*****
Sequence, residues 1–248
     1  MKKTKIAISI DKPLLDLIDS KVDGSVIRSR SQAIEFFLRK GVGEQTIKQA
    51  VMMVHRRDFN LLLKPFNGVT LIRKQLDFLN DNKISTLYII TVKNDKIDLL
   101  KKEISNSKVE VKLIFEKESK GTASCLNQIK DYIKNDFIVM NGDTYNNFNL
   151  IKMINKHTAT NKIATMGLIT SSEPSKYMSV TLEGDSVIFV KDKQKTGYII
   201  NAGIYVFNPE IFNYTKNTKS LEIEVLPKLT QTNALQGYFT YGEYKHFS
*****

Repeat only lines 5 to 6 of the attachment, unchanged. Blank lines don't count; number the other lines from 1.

   151  IKMINKHTAT NKIATMGLIT SSEPSKYMSV TLEGDSVIFV KDKQKTGYII
   201  NAGIYVFNPE IFNYTKNTKS LEIEVLPKLT QTNALQGYFT YGEYKHFS